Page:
And that’s not all. As someone working in HR, you know better than most that sick days and absenteeism can play havoc with your budgets and bottom line thanks to a slump in productivity.
Just look at the stats: Employees who frequently experience burnout are 63% more likely to take a sick day.
If you’ve noticed a higher than normal amount of people calling out sick - or even just not showing up at all, what can you do in Human Resources to try and combat that?
Whilst genuine illness can’t be avoided, and your staff should know that they are encouraged to take time off to get better in the event they are sick (not to mention to avoid spreading germs around the office!) there are other issues at play.
For example, could it be that people are taking sick days because they’re exhausted? Employee burnout is a very real thing and it needs to be addressed. The domino effect of employee A needing to take time off because they simply can’t face coming into work and thus creating more work for employee B can have a serious impact on your teams.
Here are some ways you can spot employee burnout so you can take steps to address it:
- Your employees are showing signs of exhaustion.
- A previously productive employee has suddenly become sluggish and, well, non-productive.
- Someone that’s always been a pleasant presence around the office is now irritable and miserable.
- A distinct lack of focus seems to be troubling someone that you could always rely on to get the job done.
- And finally, we’re back to our old foe, employee disengagement. If one or more of your employees has checked out, it could be due to burnout.
In all of these cases, you need to speak to the person in question to ascertain whether the issue is being caused by the job or an external factor - childcare issues, a sick relative, money worries etc.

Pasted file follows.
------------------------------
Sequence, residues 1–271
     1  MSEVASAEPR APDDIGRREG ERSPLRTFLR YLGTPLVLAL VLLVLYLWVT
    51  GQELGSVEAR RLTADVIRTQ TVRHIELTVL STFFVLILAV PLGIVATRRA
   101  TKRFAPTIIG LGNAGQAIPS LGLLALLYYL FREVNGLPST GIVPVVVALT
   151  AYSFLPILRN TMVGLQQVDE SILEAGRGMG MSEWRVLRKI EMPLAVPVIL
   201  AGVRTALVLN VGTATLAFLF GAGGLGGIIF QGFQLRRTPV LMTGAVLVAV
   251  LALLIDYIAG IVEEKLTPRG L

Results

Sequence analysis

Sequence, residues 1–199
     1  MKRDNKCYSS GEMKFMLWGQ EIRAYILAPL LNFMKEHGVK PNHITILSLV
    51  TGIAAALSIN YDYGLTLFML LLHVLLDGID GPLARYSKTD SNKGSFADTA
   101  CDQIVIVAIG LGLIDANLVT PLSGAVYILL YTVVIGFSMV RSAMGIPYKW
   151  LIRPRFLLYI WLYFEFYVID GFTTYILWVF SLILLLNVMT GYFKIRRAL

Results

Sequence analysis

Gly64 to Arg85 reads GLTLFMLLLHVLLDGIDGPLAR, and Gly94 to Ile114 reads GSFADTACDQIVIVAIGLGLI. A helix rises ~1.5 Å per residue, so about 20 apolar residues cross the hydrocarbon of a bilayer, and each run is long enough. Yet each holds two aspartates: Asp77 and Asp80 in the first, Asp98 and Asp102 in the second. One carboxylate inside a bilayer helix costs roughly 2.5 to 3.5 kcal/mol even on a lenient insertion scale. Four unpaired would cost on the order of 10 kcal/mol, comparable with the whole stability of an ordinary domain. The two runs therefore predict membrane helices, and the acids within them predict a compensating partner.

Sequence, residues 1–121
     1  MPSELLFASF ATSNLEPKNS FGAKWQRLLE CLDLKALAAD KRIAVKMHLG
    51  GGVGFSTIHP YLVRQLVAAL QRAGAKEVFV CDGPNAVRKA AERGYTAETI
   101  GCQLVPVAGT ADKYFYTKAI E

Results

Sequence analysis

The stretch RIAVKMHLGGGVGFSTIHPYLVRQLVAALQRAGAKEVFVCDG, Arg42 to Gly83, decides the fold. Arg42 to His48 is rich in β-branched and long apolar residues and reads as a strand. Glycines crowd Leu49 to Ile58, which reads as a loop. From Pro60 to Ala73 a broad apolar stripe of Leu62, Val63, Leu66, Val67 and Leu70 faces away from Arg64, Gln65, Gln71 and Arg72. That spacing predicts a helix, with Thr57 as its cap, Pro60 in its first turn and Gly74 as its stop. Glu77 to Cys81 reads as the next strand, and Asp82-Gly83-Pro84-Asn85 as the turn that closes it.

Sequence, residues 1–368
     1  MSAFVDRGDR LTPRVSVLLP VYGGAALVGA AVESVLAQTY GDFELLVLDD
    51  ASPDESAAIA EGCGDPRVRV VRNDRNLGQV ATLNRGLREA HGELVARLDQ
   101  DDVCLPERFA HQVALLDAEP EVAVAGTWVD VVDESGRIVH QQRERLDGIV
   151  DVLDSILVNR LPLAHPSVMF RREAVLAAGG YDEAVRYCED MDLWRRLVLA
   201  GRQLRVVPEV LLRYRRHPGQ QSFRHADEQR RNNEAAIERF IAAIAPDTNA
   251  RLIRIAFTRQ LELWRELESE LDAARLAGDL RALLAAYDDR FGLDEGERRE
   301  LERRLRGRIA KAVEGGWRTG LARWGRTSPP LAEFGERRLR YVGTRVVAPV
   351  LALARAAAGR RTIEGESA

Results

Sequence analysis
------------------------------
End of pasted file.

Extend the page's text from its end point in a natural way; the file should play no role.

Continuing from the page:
Of course, there is little you can do on a practical basis for many home-based problems, but you can provide your employee with support and advice.
And there are things you can do in the workplace too that will help to combat burnout or fatigue. Examining your company culture and the way departmental heads lead is obviously one. You could also consider introducing duvet days, if you don’t offer them as a perk already.
Yes, it’s true that one day off might not fix total exhaustion but it could mean the difference between someone becoming completely overwhelmed and taking a day off to breathe and come back recharged.
And something like a duvet day policy will also tie in with the other two issues of employee engagement and retention.
3 Common HR hurdles and how to overcome them: Conclusion
As the old cliché tells us, Rome wasn’t built in a day and you won’t be able to address issues with employee retention, engagement and burnout overnight. Or even in a couple of months. But by implementing changes, as described above, you should be able to see the pendulum swing back in the opposite direction over a matter of time.
Burnout, retention and engagement are all closely linked. Tackle one, and you will be well on the way to overcoming the other two as well.